Martina Navratilova & Amelie Mauresmo – Brief Article

Michele Kort


Here’s the difference a lesbian trailblazer makes: When tennis player Martina Navratilova began to come out in 1981, she did so slowly and tentatively. She felt betrayed by the reporter to whom she first disclosed her relationship with Rita Mae Brown. Later, when Navratilova lived with basketball player Nancy Lieberman, the two identified themselves only as friends. Even in her autobiography, written when she was with Judy Nelson, Navratilova tried to make herself seem bisexual. Given the fact that Billie Jean King had been quickly dropped by sponsors when she was outed, one can understand Navratilova’s hedging a bit. Even so, her commercial endorsements plummeted.

Eighteen years later, when French tennis sensation Amelie Mauresmo came out in a blaze of press at the Australian Open in January 1999, she opted for full disclosure. Yes, she was a lesbian; yes, that was her girlfriend, Sylvie Bourdon, cheering her on from the stands, and yes, she would be as openly affectionate with Bourdon as she pleased. Make something of it! Mauresmo, who was just 2 years old when Navratilova revealed herself, said about sponsors, “If they want to set me aside, there will be dozens more who will take me … and if they let me go [because of her sexuality], they are jerks anyway.”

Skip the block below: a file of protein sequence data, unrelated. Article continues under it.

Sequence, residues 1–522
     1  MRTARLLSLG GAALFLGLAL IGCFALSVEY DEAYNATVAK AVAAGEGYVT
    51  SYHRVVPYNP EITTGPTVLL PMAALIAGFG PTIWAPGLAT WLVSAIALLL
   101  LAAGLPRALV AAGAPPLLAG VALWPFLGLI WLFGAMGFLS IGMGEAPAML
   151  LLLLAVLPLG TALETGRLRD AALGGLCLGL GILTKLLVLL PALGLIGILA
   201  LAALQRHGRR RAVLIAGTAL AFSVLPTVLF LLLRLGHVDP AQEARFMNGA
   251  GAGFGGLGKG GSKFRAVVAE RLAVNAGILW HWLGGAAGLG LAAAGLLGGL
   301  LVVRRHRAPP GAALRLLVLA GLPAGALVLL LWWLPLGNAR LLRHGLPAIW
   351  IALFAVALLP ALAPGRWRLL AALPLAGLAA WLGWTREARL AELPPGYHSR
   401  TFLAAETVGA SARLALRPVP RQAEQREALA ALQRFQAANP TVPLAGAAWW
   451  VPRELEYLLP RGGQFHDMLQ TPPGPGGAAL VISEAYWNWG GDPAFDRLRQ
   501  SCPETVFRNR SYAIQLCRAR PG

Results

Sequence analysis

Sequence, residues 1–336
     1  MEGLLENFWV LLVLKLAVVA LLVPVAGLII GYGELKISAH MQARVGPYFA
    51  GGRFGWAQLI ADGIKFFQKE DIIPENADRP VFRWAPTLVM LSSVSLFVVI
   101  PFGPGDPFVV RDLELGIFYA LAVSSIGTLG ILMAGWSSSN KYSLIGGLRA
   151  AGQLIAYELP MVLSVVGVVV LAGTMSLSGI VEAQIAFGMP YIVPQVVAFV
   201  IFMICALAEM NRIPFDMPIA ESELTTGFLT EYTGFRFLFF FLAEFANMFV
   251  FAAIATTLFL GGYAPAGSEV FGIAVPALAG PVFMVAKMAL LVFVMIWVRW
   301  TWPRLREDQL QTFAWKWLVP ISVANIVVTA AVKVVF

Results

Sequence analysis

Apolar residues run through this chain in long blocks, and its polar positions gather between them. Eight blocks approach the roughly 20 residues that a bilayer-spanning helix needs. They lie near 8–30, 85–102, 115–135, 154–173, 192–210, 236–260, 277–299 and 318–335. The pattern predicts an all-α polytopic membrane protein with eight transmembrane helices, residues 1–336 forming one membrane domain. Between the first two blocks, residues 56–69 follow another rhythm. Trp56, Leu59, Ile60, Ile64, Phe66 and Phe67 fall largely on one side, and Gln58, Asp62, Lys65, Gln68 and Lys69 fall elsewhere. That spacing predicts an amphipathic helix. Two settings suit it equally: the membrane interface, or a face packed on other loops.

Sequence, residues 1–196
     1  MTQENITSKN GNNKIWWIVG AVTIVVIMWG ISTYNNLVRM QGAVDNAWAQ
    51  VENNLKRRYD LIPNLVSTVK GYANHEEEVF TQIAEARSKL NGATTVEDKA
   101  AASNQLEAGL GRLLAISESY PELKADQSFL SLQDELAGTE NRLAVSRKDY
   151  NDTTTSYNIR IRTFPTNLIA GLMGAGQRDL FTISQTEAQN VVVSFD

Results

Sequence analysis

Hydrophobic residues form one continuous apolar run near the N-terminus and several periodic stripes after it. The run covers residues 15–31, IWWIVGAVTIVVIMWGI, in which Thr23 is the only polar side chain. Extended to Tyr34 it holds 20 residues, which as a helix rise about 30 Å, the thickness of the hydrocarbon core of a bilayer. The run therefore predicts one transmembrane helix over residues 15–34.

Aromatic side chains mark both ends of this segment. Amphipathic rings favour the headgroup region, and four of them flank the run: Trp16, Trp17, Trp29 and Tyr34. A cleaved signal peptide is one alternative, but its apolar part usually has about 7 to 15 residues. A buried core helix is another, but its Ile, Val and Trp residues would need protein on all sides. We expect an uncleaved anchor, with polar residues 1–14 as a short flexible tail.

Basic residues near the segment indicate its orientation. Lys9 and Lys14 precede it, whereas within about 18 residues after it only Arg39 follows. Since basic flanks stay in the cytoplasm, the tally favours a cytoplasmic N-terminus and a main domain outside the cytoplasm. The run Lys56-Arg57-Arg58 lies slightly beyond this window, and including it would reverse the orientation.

Rude remarks about Mauresmo’s muscularity and affectional preference backfired on those who made them. Lindsay Davenport, who lost to the unseeded Mauresmo in the Open semifinal, apologized profusely after blurting, “I thought I was playing a guy, the girl was hitting it so hard.” The eventual tournament winner, Martina Hingis, who said of Mauresmo to the German press, “Sie ist ein halber Mann” (“She is halfman”), was raked over the coals for her homophobia.

Here’s the difference a lesbian trailblazer doesn’t make: Very few women have followed Navratilova from the closet. Besides Mauresmo, only golfers Muffin Spencer-Devlin and Patty Sheehan and a few women in extreme sports like mountain biking and boxing have taken the plunge.

Navratilova, who at 43 is playing in top-level doubles competitions again–and who this year signed her first major non-tennis endorsement contract, with Subaru–surveys her experience with both frustration and a sense of good fortune. “If I had come out 50 years ago, they would have put me in a straitjacket,” she says. “So I guess I didn’t have it so bad, after all.”

And if Amelie Mauresmo had come out just 20 years earlier, she couldn’t have looked to Navratilova’s exemplary courage as a model. Both women have used their muscles for much more than just hitting a tennis ball.

Kort is writing a biography of Laura Nyro for St. Martin’s Press.

COPYRIGHT 2000 Liberation Publications, Inc.

COPYRIGHT 2000 Gale Group

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